Frontal brain asymmetry in depression with comorbid anxiety: A neuropsychological investigation

Brady D. Nelson, Casey Sarapas, E. Jenna Robison-Andrew, Sarah E. Altman, Miranda L. Campbell, Stewart A Shankman*

*Corresponding author for this work

Research output: Contribution to journalArticlepeer-review

17 Scopus citations

Abstract

The approach-withdrawal model posits that depression and anxiety are associated with a relative right asymmetry in frontal brain activity. Most studies have tested this model using measures of cortical brain activity such as electroencephalography. However, neuropsychological tasks that differentially use left versus right frontal cortical regions can also be used to test hypotheses from the model. In two independent samples (Study 1 and 2), the present study investigated the performance of currently depressed individuals with or without a comorbid anxiety disorder and healthy controls on neuropsychological tasks tapping primarily left (verbal fluency) or right (design fluency) frontal brain regions. Across both samples, results indicated that comorbid participants performed more poorly than depressed only and control participants on design fluency, while all groups showed equivalent performance on verbal fluency. Moreover, comorbid participants showed "asymmetrical" performance on these two tasks (i.e., poorer design [right frontal] relative to verbal [left frontal] fluency), whereas depressed only and control participants showed approximately symmetrical profiles of performance. Results from these two samples suggest an abnormal frontal asymmetry in neurocognitive performance driven primarily by right frontal dysfunction among anxious-depressed individuals and highlight the importance of considering comorbid anxiety when examining frontal brain functioning in depression.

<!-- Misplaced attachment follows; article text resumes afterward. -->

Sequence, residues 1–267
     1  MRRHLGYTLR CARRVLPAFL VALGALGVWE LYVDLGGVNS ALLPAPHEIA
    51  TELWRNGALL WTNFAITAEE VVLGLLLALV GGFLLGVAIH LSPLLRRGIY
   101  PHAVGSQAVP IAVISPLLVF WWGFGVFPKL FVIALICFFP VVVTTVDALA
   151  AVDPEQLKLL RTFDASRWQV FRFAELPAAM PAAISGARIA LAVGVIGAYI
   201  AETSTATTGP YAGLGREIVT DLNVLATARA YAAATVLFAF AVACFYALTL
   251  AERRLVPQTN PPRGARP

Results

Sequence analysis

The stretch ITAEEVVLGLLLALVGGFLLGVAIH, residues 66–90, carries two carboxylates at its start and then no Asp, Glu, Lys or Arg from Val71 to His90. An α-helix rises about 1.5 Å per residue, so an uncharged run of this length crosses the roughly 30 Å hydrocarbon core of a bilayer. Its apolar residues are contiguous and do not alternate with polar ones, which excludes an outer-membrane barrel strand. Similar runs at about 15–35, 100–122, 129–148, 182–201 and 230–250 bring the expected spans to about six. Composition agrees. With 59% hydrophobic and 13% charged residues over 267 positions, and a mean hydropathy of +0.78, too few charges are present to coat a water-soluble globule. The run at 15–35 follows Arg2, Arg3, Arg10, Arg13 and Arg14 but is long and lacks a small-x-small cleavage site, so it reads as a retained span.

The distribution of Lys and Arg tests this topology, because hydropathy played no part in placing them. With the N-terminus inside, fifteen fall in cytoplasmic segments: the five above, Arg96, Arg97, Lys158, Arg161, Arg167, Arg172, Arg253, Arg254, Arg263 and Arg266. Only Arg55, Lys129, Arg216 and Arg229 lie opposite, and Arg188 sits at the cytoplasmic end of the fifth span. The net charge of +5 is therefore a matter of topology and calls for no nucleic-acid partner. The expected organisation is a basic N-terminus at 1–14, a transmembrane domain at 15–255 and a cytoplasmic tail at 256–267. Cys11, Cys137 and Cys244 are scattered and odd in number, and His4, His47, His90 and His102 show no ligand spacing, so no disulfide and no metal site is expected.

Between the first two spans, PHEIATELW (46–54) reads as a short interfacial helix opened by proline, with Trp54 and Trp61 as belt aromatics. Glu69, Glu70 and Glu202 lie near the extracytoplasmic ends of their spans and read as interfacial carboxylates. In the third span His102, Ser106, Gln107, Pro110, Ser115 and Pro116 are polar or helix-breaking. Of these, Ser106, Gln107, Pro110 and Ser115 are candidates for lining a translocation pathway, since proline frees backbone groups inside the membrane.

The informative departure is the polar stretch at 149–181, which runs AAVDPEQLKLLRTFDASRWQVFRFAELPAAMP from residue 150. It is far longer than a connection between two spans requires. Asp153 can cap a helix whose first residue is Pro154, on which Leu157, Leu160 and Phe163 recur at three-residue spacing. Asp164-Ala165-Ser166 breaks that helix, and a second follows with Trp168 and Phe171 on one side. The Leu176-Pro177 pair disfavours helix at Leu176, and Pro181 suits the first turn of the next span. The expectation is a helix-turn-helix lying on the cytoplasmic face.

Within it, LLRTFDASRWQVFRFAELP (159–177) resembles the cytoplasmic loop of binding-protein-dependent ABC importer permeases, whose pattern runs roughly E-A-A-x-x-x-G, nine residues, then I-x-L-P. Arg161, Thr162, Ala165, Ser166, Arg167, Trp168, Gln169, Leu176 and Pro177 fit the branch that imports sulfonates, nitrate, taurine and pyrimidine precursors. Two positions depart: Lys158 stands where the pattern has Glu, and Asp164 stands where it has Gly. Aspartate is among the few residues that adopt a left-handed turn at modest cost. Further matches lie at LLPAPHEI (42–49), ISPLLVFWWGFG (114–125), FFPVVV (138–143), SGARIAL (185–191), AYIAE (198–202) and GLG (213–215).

Original languageEnglish (US)
Pages (from-to)579-591
Number of pages13
JournalJournal of abnormal psychology
Volume121
Issue number3
DOIs
StatePublished - 2012

Keywords

  • Anxiety
  • Asymmetry
  • Depression
  • Fluency
  • Neuropsychology

ASJC Scopus subject areas

  • Psychiatry and Mental health
  • Biological Psychiatry

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